In the May 2012 issue of PIMCO’s Viewpoint, Jerome Schneider, a fixed income portfolio manager at the firm, wrote, “We believe there are three ‘plumbing’ issues short-term investors should constantly monitor during 2012 and beyond, because they will likely affect the performance of their cash management portfolios. The operational and funding components of our financial system – repurchase, or “repo,” agreements, collateral posting and funding transactions of collateralized and uncollateralized natures – are now important indicators of whether investors can expect to bathe in the warm waters of liquidity or suffer from unheralded waves of credit risk or ebbs in liquidity.
“Repurchase agreements are usually over-collateralized borrowings in which the holder of securities sells the securities to an investor with an agreement to repurchase them at a fixed price on a specified date. In the [United States], recent efforts by the Federal Reserve and the Securities and Exchange Commission to review the inner workings of the repo markets and money market funds only serve to highlight the importance of these pipes of liquidity and credit creation. However, this is a truly global problem that needs consideration and action by investors and regulators alike.”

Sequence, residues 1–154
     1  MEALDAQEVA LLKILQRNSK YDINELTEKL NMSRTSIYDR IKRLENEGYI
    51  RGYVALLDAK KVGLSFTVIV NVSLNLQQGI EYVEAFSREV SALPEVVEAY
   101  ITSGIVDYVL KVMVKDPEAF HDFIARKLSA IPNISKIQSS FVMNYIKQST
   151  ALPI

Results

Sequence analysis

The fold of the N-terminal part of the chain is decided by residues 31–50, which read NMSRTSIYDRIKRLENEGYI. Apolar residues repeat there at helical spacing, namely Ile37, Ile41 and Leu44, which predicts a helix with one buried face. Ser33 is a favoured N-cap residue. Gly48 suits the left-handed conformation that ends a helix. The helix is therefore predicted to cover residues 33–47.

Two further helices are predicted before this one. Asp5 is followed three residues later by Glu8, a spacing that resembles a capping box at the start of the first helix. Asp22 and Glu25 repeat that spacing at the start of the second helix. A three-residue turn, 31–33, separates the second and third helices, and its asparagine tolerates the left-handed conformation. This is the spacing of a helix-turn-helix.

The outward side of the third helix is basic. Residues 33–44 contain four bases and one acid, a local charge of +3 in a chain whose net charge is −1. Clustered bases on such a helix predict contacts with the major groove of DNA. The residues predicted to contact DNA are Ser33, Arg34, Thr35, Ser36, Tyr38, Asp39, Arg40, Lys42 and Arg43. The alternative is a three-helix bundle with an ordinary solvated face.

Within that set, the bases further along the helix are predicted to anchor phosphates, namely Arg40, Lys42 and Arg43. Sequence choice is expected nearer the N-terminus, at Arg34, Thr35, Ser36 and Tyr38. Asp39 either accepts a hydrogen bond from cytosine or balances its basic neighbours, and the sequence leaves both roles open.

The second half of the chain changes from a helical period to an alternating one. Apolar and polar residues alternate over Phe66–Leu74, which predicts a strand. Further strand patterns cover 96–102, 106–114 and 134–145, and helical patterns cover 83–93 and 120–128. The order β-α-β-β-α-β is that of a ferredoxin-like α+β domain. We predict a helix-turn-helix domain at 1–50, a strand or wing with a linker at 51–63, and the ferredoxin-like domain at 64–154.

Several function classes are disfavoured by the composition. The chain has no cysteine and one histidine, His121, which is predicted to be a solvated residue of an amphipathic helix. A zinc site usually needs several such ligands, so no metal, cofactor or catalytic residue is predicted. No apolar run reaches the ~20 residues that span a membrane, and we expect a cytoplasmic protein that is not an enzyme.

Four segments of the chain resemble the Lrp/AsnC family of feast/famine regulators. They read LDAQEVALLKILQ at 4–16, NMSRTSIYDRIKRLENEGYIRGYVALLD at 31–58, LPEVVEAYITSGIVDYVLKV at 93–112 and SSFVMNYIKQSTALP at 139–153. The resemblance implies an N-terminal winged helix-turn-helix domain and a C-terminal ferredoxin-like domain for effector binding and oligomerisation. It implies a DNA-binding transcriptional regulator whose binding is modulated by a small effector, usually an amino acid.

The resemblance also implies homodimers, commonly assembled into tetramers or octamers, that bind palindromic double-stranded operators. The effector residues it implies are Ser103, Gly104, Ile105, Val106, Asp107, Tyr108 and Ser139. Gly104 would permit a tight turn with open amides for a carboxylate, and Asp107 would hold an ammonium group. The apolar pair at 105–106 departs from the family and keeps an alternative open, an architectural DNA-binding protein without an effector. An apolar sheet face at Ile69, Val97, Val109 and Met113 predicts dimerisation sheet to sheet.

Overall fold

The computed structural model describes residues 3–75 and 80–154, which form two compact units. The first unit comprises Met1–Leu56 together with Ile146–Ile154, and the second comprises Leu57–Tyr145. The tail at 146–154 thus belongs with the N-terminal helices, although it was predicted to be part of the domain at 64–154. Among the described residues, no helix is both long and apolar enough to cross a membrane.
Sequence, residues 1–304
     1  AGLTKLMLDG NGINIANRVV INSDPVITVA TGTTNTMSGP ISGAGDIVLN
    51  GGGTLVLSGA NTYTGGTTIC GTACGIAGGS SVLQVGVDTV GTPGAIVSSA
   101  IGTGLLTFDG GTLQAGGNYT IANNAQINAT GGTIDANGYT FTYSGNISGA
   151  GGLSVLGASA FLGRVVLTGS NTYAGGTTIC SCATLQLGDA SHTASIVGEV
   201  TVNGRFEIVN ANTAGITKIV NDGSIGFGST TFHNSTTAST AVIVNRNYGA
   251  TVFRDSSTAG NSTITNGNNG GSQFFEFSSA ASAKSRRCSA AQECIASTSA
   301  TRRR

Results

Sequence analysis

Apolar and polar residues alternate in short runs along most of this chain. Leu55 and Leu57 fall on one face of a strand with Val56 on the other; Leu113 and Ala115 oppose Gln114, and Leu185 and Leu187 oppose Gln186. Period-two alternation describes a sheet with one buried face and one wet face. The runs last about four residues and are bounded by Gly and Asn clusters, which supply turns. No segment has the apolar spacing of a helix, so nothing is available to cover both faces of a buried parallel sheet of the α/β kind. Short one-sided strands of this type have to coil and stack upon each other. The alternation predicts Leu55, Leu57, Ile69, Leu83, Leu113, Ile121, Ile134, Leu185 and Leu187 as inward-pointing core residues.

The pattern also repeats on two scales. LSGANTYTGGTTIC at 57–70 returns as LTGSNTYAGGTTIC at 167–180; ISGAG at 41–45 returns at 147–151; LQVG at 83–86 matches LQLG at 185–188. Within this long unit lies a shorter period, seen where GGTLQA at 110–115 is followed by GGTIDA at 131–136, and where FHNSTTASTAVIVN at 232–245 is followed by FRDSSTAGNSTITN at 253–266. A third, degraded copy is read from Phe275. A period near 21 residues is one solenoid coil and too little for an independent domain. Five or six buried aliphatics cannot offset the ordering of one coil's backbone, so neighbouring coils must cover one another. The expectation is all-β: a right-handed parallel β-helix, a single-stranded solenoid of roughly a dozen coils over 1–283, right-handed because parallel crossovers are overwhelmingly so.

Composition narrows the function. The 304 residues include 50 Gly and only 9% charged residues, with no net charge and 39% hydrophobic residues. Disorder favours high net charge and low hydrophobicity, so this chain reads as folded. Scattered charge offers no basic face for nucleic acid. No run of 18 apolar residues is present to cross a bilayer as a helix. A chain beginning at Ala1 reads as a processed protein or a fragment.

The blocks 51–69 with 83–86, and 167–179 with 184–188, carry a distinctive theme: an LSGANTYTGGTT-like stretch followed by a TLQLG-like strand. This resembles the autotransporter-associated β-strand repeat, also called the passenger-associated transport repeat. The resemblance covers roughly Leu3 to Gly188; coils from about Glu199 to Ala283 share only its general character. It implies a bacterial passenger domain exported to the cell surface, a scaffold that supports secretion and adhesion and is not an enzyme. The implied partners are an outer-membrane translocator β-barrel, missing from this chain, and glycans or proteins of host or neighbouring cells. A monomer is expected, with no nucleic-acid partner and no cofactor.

Some observers are concerned that fund companies are being compelled to reach for yield. On its own, a repo is a simple and straightforward transaction, as long as the borrower has the ability to repurchase the collateral. Repos can also be manipulated in a way that creates leverage for banks. One of the main reasons MF Global failed was so-called “repo-to-maturity” transactions, which extended the repurchase date far into the future, thus increasing the risk of the transaction. Repos also played a key role in the failures of Bear Stearns, Merrill Lynch and Lehman Brothers.
The risks realized by investors in the Reserve Primary Fund, which broke the buck after writing off debt issued by Lehman, could have been felt in other funds, and most certainly would have if the Lehman default would have resulted in a run on the shadow banking system. Redemptions from money market funds result in a drop in demand for commercial paper, which may prevent companies from rolling over their short-term debt and potentially cause a liquidity crisis. In such a scenario, if companies cannot issue new debt to repay maturing debt and do not have cash on hand to pay it back, they will default on their obligations and may have to file for bankruptcy. Thus, a run on money funds could cause extensive bankruptcies and a debt devaluation spiral.
Of course, we can speculate about how markets might react in any number of situations. Such thought experiments are certainly healthy. The point is, given the observable risks—to say nothing of the unknown risks that hide in the dark corners of the shadow banking system—combined with the fact that returns on money funds at historic lows, it would be wise to consider some alternatives.
Money Market Alternatives